Newcastle Technology Degree Apprenticeship 2021AccentureNewcastle
Manchester Technology Degree Apprenticeship 2021AccentureManchester
Edinburgh Technology Degree Apprenticeship 2021AccentureMidlothian - Edinburgh
Software Engineering ApprenticeStarling BankLondon
Junior Software DeveloperPersonify XPLondon
Front Office Full Stack Developer ApprenticeMorgan StanleyLondon
Software Engineering ApprenticeshipLondon
Graduate Technical Specialist 2021CapgeminiWest Midlands
Digital & Technology Degree Apprenticeship 2021 WorthingCapgeminiAny UK Base
Software Test Consultant Degree ApprenticeCapgeminiAny UK Base
Digital & Technology Degree Apprenticeship 2021CapgeminiAny UK Base
Digital Project Delivery Apprentice – HullBalfour BeattyUK, Hull
Software Engineering Degree Apprenticeship (Manchester)KPMGManchester
Sector Spotlight: In what industries can I become an IT apprentice?
As well as Lloyds, most banks offer a wealth of IT-related opportunities, some of which combine IT with business. For example, Barclays runs a strong Technology Apprentice programme that can lead you to a BSc in Technology, and similar programmes are available at Santander, HSBC and Nationwide.
Keep an eye on modern, digital-only banks such as Monzo too – they don’t currently have apprenticeship programmes, but they may kickstart these in the future.
The civil service
One of the biggest employers of IT apprentices in the UK is the civil service, which generally offers Level 4 apprenticeships. The civil service focuses on cybersecurity and computing, and you could be working in engineering domains such as transport infrastructure, oil and gas or the civil nuclear industry. There’s also a high chance that you can progress into a permanent role within the civil service once your apprenticeship is finished – this could be a great way to go if job security is important to you.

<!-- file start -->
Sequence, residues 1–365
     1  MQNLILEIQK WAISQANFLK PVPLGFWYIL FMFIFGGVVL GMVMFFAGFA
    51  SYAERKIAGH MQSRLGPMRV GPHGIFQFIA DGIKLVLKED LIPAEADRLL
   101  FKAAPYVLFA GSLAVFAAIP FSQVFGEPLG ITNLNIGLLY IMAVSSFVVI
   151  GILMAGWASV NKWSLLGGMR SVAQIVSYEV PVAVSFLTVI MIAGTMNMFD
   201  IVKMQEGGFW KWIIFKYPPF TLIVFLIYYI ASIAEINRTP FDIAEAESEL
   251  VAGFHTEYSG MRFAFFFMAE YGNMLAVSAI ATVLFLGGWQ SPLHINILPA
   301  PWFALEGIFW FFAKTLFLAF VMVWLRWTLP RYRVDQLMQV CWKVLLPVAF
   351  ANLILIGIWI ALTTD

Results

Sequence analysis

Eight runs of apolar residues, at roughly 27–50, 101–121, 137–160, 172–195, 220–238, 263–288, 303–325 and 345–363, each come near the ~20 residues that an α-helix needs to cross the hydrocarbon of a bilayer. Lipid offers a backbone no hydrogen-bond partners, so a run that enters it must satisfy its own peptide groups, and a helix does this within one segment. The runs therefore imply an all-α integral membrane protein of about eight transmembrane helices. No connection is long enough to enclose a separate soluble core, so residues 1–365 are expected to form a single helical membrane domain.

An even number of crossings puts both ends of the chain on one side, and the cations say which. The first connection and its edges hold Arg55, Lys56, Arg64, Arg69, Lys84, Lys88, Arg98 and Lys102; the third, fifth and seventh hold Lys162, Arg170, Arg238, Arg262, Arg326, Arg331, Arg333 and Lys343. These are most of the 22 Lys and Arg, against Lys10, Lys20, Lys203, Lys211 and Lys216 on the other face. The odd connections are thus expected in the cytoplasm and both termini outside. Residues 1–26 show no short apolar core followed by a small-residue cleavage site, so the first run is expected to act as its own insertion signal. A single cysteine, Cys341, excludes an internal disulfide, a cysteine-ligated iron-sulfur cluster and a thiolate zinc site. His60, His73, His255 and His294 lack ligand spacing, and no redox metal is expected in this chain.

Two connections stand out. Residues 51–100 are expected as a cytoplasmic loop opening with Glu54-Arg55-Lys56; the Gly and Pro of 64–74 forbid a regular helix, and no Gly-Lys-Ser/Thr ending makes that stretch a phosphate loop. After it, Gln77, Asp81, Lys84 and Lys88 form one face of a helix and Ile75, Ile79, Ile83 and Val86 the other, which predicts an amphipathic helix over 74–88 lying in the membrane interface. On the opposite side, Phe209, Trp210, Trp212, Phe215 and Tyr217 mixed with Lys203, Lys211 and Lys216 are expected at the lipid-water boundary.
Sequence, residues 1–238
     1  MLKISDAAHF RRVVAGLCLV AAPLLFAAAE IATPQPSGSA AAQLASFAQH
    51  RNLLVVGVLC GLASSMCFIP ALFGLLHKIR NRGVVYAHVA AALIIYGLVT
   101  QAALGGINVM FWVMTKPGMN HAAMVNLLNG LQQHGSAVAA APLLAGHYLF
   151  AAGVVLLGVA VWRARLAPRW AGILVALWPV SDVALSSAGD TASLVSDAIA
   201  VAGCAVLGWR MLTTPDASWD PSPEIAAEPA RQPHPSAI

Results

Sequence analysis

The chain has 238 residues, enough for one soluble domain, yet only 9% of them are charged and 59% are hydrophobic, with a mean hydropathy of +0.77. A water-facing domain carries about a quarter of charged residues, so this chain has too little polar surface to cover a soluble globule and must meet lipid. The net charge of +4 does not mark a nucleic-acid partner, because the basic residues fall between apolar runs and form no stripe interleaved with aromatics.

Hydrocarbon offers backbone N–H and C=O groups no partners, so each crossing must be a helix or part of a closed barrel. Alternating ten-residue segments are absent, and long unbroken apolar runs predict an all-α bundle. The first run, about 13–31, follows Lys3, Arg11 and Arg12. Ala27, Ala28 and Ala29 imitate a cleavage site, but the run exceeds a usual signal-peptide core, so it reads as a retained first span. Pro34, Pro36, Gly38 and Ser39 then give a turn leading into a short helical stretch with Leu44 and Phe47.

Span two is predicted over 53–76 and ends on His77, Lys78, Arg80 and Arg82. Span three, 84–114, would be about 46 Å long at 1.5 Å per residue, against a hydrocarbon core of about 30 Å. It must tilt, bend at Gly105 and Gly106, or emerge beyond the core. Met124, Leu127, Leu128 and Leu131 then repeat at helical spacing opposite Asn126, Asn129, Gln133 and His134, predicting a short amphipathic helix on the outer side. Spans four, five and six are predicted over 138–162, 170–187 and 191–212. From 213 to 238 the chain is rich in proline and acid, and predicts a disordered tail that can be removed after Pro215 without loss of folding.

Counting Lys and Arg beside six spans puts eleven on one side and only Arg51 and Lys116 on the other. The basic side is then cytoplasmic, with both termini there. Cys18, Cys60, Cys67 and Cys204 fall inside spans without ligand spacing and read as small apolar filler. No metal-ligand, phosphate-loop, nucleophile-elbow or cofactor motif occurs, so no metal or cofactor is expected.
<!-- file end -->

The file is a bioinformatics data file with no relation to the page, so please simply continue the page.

Excited by cybersecurity but not by the civil service? Take a look at the opportunities offered in the telecommunications industry. Sky, ITV and the BBC run popular cybersecurity and networking apprenticeships, and – similarly to the banking sector – they often combine ICT with business.
If coding and programming is your thing, the BBC is also known for its competitive software-related apprenticeships which run for 24 months. These are London-based and have fixed start dates, so you’ll need to make sure that you get your applications in on time.
Big vs small companies?
Aiming big? How about applying for apprenticeships at Google and Microsoft; they pay less than other programmes (starting at £15,000) but they are undoubtedly key players in the tech space, and could carry weight on your CV. It’s worth noting, however, that a bigger company does not necessarily mean that you’ll get a better experience; some smaller firms and local businesses have exceptional apprenticeship schemes. You can ask your careers advisor for options in your area.
An apprenticeship in IT can open the door to a multitude of different career opportunities across loads of different industries. As business continue to take steps towards digital transformation, IT and digital professionals are more valuable than ever.
After all, a good apprenticeship could be the start of your dream career!